Build your vocabulary with Merriam-Webster's Word of the Day! Each day a Merriam-Webster editor offers insight into a fascinating new word -- explaining its meaning, current use, and little-known details about its origin.
December 27th, 2015
Episode 406 of 758 episodes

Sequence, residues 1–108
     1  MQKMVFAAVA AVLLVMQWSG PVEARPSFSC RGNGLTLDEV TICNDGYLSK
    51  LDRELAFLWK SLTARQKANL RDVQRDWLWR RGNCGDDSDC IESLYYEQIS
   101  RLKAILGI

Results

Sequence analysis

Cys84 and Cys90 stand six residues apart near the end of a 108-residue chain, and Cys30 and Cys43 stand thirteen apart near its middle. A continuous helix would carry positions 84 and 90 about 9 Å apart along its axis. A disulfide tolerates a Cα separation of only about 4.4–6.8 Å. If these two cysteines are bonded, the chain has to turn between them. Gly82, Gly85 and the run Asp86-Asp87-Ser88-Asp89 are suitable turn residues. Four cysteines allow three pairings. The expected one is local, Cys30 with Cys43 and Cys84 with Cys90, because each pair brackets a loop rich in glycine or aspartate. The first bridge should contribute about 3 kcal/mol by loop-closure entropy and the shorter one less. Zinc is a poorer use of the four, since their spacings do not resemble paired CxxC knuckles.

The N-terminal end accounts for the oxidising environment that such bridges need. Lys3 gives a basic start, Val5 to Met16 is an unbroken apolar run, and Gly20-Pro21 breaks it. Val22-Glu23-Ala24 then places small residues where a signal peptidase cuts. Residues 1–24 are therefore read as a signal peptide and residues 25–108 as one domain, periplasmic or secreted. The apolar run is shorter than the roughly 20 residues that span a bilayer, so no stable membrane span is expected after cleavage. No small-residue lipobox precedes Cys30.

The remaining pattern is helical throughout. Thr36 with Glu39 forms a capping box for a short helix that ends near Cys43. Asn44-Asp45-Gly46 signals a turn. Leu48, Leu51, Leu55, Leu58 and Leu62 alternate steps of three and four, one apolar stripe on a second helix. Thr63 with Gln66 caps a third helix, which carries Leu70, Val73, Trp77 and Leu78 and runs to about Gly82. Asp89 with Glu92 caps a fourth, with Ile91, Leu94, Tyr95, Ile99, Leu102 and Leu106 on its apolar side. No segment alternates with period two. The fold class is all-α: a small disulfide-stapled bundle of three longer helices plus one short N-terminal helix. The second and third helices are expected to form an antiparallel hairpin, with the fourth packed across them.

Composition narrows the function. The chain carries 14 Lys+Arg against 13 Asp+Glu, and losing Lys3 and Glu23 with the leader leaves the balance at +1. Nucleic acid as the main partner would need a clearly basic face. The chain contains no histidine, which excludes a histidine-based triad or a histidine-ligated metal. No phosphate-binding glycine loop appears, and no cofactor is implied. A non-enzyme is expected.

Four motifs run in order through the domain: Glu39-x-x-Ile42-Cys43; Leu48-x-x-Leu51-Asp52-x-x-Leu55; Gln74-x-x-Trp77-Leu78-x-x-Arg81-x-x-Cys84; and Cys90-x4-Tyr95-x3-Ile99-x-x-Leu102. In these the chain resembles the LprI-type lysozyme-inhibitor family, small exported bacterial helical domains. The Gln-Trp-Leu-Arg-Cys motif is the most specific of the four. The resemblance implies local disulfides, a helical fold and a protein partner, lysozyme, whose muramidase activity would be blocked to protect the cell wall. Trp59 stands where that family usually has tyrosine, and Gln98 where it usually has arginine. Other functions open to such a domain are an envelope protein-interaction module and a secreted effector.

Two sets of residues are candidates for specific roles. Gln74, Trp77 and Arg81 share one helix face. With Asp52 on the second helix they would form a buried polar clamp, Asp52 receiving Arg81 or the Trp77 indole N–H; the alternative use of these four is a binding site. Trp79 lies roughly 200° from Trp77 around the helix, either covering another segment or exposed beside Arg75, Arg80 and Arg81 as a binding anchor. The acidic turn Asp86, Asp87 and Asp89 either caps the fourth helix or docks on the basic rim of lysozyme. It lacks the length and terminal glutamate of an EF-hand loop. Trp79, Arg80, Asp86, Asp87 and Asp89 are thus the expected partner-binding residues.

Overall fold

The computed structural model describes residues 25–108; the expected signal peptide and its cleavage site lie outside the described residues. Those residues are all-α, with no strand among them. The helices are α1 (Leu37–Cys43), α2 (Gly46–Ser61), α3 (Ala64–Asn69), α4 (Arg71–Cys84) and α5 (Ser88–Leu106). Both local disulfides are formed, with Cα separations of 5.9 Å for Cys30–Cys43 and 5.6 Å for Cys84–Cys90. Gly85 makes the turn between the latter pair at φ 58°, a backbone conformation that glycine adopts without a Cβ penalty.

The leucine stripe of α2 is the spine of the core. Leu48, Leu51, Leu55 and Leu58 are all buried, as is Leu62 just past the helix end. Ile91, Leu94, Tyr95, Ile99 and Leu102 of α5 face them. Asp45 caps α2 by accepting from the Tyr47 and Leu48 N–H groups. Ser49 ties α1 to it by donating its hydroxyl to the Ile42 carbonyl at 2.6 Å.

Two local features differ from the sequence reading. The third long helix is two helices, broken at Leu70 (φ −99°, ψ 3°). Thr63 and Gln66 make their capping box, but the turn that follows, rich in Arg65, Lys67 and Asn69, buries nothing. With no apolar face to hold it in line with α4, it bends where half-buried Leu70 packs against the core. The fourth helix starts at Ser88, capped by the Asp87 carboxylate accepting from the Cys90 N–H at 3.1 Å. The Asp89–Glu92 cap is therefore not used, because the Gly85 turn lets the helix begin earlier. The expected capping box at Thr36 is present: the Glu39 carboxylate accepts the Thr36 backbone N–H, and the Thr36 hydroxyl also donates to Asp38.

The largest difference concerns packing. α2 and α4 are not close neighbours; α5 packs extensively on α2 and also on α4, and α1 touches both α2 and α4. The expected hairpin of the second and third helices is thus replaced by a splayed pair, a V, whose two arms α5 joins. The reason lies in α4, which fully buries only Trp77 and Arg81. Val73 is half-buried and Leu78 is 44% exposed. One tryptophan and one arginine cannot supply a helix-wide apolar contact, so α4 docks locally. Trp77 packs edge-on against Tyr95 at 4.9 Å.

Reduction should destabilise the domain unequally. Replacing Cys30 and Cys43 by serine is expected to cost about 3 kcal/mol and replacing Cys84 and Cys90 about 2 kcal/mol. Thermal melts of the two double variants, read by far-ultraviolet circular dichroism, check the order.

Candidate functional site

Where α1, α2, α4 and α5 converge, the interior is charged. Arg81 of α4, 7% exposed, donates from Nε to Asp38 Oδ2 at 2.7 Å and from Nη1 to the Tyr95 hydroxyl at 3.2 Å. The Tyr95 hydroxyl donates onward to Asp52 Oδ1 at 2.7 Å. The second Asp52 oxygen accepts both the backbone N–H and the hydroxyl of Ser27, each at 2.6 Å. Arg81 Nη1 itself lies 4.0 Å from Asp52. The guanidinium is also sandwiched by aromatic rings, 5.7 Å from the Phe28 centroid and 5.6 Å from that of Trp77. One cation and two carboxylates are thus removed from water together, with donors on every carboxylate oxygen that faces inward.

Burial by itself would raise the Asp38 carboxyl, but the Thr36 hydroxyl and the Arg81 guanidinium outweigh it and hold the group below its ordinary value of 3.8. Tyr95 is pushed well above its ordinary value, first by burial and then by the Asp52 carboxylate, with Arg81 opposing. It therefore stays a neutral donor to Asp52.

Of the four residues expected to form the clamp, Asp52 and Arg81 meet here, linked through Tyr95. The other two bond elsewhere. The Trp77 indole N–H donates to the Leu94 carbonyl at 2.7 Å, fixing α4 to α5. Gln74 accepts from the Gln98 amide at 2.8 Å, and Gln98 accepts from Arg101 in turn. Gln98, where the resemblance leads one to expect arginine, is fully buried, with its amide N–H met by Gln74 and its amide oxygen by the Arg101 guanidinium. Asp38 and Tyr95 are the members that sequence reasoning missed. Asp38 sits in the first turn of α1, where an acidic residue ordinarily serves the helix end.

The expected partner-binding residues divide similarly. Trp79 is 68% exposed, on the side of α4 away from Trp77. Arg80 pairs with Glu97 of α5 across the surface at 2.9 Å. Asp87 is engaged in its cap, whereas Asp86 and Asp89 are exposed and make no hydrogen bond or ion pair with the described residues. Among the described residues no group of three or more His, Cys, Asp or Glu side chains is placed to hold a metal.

Merriam-Webster's Word of the Day for December 27, 2015 is: favonian \fuh-VOH-nee-un\ adjective : of or relating to the west wind : mild Examples: Our guests relaxed on the patio, watching the sunset and enjoying favonian breezes. "The singular microclimate of Neuras makes [wine production] possible, as the favonian wind blowing in from the Atlantic chills the area down, while a geological fault spills out five natural springs into the alkaline soil." — Richard Bangs, The Huffington Post,7 Oct. 2014 Did you know? In "Ode to the West Wind," poet Percy Bysshe Shelley called the "wild West Wind" the "breath of Autumn's being." But according to Greco-Roman tradition, the west wind was warm and usually gentle. Its Latin name, Favonius, is the basis for the English adjective favonian and derives from roots that are akin to the Latin fovēre, meaning "to warm." Zephyros, a Greek name for the west wind, is the ultimate source of zephyr, meaning "a gentle breeze." In Greco-Roman tradition, it was the north wind, Boreas (aka Aquilo), who was the rude and blustery type.